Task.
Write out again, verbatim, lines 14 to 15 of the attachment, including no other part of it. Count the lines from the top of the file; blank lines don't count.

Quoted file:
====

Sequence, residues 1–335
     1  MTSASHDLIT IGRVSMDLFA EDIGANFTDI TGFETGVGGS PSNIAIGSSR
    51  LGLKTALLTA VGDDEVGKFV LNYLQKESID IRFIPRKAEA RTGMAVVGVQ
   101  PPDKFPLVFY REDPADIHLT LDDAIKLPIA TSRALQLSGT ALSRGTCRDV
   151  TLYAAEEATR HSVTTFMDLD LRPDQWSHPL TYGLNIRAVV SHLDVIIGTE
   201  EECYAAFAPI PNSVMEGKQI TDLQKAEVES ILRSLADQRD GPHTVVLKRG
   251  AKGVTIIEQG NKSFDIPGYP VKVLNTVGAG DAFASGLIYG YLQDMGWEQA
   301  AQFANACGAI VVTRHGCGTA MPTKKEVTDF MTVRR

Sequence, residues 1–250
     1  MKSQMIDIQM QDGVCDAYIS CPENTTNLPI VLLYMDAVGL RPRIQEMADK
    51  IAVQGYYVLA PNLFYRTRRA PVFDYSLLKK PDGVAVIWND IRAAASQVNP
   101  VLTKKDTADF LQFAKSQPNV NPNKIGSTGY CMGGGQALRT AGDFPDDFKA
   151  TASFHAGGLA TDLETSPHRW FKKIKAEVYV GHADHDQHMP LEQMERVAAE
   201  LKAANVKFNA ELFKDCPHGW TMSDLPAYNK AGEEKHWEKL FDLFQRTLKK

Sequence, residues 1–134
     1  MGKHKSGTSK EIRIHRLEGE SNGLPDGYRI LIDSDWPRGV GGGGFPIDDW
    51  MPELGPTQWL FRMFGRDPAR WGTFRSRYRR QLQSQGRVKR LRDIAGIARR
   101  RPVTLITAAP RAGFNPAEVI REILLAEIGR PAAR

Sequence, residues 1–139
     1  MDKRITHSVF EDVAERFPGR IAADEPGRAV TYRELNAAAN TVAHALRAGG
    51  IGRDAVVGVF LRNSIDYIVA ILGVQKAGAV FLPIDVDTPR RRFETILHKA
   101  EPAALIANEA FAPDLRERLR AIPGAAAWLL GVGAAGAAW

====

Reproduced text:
   201  LKAANVKFNA ELFKDCPHGW TMSDLPAYNK AGEEKHWEKL FDLFQRTLKK

Sequence, residues 1–134